Wildfires and Reflections
Until last week, I snickered at the name “Pigeon Forge.” It sounds like a made-up name, doesn’t it? The name alone has always struck me as the Platonic ideal of a small town in the Deep South. I mean, listen to it: Pigeon Forge, Tennessee.The Tennessean towns of Pigeon Forge and Gatlinburg are the gateway to the Great Smoky Mountains. For me, they’re the gateway to an annual writing retreat I take with ~20ish dear friends. And yeah, until last week, I dismissed them as “the weirdest places I’ve ever been.”
Until last week, this is what I saw:
The main street unfurls like a midway, flashing lights and sugary music spilling onto crowded sidewalks. On one side, a collection of concrete faux-log cabins nestles like a sanitized vision of an alpine village. Olde Time Photography Studios and Olde-Fashioned Candy Shoppes stand every few paces, while black bears grin from neon t-shirts, chipped ceramic mugs, and motel doorways (TV WIFI POOL).Outside of Gatlinburg, signs proclaim JESUS SAVES right next to others announcing GUNS GUNS GUNS. Pickup trucks trundle past with plywood bumpers, and rusted-out trailers sit on hills, and Biblically-themed parks and theatres abound.
Until last week, I snickered. And believe me, it feels very uncomfortable to say that. Giving myself a long, hard stare, I see a blend of big-city blindness, liberal arrogance, and Canadian smugness.
“So typical. So kitschy.”
Then the fire happened.
Last week, wildfire (possibly “human-caused”) broke out in the mountains and swept with little warning into Gatlinburg, fuelled by the region’s worst drought in a decade. Within hours, swathes of mountainside and residences were destroyed, and 14,000 people were evacuated. At time of writing, 13 people are dead and 1000 buildings have been damaged or destroyed.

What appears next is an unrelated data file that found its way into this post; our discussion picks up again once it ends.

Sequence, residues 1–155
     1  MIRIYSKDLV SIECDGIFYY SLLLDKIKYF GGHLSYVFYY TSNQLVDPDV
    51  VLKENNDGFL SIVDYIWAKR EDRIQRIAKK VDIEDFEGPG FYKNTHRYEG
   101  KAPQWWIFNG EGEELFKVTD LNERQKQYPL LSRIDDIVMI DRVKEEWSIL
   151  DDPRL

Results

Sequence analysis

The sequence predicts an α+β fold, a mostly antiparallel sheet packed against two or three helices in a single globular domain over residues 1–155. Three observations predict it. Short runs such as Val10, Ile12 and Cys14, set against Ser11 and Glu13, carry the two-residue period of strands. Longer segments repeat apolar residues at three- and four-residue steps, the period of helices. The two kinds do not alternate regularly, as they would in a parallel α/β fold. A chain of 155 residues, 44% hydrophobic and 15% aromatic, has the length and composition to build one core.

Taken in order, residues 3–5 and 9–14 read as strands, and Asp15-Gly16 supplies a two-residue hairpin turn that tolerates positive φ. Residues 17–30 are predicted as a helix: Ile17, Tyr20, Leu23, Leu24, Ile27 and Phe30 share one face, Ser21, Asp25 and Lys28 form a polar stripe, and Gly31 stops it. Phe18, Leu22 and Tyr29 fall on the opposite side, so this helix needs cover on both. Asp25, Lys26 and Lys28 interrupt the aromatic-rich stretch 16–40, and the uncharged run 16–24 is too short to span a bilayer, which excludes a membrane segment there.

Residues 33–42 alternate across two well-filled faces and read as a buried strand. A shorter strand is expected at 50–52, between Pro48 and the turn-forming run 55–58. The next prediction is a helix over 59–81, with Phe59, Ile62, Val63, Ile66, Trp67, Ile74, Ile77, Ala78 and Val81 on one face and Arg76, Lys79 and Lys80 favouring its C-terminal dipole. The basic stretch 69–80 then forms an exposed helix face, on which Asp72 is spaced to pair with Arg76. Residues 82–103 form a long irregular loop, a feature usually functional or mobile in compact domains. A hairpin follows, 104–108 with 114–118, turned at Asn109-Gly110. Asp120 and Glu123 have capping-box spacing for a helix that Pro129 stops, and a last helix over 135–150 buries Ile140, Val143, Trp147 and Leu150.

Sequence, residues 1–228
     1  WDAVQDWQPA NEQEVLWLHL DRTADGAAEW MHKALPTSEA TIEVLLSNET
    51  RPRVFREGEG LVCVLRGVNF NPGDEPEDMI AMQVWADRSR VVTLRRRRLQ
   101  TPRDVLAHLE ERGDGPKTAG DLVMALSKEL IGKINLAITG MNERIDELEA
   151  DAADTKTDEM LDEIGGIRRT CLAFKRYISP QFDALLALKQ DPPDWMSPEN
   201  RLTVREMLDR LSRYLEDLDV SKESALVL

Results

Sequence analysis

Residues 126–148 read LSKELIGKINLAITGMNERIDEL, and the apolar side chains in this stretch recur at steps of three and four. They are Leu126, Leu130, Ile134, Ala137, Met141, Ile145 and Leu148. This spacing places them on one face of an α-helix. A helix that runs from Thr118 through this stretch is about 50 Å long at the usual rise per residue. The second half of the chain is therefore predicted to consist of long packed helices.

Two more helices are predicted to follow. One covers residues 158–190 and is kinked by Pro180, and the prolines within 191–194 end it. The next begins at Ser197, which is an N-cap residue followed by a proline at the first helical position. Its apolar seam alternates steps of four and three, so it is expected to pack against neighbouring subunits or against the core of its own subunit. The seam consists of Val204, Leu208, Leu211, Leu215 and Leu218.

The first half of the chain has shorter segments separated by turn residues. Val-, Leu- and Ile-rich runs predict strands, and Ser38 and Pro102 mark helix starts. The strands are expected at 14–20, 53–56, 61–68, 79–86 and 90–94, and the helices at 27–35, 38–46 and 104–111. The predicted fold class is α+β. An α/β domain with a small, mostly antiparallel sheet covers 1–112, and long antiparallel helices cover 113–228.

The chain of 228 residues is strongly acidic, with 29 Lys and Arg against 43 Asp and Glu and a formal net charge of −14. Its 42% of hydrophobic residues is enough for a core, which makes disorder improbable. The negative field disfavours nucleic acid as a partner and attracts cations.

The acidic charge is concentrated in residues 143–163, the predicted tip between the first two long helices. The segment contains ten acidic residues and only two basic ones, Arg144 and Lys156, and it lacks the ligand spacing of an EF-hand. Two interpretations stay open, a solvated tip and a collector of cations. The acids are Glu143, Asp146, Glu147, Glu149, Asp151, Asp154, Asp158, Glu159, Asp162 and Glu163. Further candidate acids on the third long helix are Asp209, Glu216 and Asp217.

Our retreat cabin is right in the danger zone, so we stayed glued to the incoming reports. As more data rolled in, I was stunned.
- “[FARM] has a field for evacuated livestock. No charge. Call [Suzy] at [NUMBER].”
- “Shelter for pets available at [LOCATION].”
- “Biologists reluctant to leave Ripley’s Aquarium of the Smokies, fearing for animals.”
- “Dolly Parton is giving $1000 a month to victims of Tennessee wildfires.”
- “Thank you for your prayers.”
- “We’re okay. Thank you for your thoughts.”
- “Thank you.”
With all the tourists, it’s easy to forget that Gatlinburg is a town of only 4000 people. The more I read, the more I glimpsed a tight-knit community, generous and kind-hearted. My throat closed up.
I was wrong about Gatlinburg and Pigeon Forge. I was so very wrong.
Coming on the heels of the US election and the subsequent soul-searching on the political left, this feels particularly poignant. It is so, so easy to see the JESUS SAVES signs and forget about the genuinely fervent faith enclosed within those walls. It is so, so easy to wander through a fake village and laugh at the concrete snow, not seeing the livelihoods that happen behind the STAFF ONLY doors. And this is the sort of easy self-absorption that we cannot afford. Not ever, but especially not now.
In a cabin outside Gatlinburg, I wrote both “La Corriveau” and “The Love it Bears Fair Maidens,” my first pro short fiction sales. Gatlinburg and Pigeon Forge will always claim a very special place in my writer’s heart.
If you enjoy my fiction—particularly those stories—may I request something?
Will you help me give back to Gatlinburg? I’ve done some digging: most donations of food, supplies, and money need to be dropped off in person, but if you’re far away—
And a relief fund for locals and businesses has been established by the Gatlinburg Chamber of Commerce Foundation. Donations can be mailed to:
PO Box 1910
Pigeon Forge, TN
All my best, Tennessee. I’m sorry. I’m so sorry. I will never, ever look at you the same way again.
What I’m Listening to this Week
I’ve never listened to Dolly Parton before, but now seems like a good time to start…